from The American Heritage® Dictionary of the English Language, 5th Edition.
- noun A descent group traced through men on the paternal side of a family.
from the GNU version of the Collaborative International Dictionary of English.
- noun The line of descent traced through the paternal side of the family.
from Wiktionary, Creative Commons Attribution/Share-Alike License.
- noun A group of
descendantsrelated through a common male lineage.
from WordNet 3.0 Copyright 2006 by Princeton University. All rights reserved.
- noun line of descent traced through the paternal side of the family
from Wiktionary, Creative Commons Attribution/Share-Alike License
Other food avoidance taboos notable among Kaguru speakers do exist, though they, unlike the Gogo, are not attached to the idea of a predominant patrilineage and are instead commonly connected to beliefs that can, for example, compromise pregnancy. 55
The incorporation of food taboos linked distinctly to one's patrilineage, an institution not customary among matrilineal Bantu people but subscribed to by many Gogo speakers, probably also resulted from this intermingling.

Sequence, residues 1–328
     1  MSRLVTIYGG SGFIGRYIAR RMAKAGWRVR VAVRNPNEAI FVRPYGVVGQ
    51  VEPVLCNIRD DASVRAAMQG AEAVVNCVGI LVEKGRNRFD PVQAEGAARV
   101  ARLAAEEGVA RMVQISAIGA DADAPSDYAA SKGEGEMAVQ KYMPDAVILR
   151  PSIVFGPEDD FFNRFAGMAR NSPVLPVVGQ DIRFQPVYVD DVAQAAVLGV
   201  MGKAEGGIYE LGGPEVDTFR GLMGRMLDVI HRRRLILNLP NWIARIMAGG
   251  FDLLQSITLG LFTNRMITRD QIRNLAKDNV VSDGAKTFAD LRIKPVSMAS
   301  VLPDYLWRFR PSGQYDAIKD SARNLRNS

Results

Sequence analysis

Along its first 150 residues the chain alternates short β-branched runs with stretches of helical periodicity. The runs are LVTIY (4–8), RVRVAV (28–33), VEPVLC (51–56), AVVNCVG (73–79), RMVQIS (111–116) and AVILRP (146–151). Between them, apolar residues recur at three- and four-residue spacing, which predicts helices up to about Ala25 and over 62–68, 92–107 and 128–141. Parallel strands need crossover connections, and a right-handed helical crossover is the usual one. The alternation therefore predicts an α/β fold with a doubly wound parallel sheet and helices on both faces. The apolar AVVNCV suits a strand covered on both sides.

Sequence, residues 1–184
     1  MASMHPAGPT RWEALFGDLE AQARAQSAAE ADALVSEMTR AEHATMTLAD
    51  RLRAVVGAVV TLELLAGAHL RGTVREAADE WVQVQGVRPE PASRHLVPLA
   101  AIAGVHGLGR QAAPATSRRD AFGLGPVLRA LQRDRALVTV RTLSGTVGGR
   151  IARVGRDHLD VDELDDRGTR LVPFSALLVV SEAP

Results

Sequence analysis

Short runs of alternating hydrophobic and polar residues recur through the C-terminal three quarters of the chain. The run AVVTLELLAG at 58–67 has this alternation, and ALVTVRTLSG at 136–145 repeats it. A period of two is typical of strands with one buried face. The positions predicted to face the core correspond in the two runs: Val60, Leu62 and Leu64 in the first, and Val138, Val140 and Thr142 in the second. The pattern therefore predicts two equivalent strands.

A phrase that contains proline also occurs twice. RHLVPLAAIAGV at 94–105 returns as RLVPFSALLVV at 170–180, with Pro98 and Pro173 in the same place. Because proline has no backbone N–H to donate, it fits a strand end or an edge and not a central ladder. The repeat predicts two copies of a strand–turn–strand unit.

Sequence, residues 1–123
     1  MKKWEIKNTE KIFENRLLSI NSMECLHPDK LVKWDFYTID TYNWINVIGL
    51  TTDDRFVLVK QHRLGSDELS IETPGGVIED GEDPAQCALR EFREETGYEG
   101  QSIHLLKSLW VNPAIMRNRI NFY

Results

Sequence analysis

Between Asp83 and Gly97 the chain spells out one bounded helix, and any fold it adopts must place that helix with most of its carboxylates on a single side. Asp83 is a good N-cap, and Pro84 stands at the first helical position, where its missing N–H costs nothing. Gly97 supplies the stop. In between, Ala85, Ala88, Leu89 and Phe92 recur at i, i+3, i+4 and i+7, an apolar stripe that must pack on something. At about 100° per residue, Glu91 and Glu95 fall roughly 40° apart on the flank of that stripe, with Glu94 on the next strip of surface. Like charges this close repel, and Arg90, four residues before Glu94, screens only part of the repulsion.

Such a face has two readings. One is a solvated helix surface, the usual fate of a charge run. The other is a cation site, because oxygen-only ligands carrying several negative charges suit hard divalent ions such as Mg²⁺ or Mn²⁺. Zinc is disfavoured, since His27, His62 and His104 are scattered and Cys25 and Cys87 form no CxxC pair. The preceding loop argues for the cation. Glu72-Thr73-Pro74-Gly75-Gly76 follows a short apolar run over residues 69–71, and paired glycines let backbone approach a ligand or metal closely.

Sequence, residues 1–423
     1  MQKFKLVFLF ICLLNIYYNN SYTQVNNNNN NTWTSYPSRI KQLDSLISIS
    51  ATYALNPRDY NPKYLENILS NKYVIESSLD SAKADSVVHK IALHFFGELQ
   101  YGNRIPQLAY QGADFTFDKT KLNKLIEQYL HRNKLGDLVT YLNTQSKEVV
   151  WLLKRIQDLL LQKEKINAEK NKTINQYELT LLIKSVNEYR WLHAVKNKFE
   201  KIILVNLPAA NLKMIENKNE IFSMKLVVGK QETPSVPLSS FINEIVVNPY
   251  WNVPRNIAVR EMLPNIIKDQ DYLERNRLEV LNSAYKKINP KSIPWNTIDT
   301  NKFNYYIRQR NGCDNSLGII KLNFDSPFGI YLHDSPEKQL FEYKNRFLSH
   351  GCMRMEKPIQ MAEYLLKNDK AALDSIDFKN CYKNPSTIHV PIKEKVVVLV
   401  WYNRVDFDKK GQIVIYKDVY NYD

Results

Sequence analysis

The distribution of patrilineage associated food taboos suggests that such beliefs, where they occur among Northeast-Coastal Bantu speakers, represent post proto-NECB borrowings into their descendant societies resulting from interactions with external populations.
In the Ruvu language subgroups a relict designation for patrilineage, * - lòngò, represents a continuity of an idea that proto-Savanna Bantu speakers innovated in the second millennium BCE.
At the same time, in an effort to communicate how the patrilineage was of some potential leverage in society, and thus why it likely persisted, he explained that in the face of abuse by matrilineal relatives, men sometimes use the patrilineage to counter their maltreatment. 56
That bias rightly reflects the biblical concern with patrilineage — tracing families through the male line.
If Cardozo was Hispanic, so is your columnist, owing to our Sephardic patrilineage.
The secondary status of Zilpah as a wife to Jacob did not result in secondary status for her sons within the patrilineage of Jacob.
Asher and Gad were considered direct heirs to the patrilineage of Terah, their great-great-grandfather, and are listed among the twelve sons/tribes of Jacob/Israel.
His body symbolizes the future good morality, honor, and reputation of his patrilineage and the performance of certain patrilineal rituals.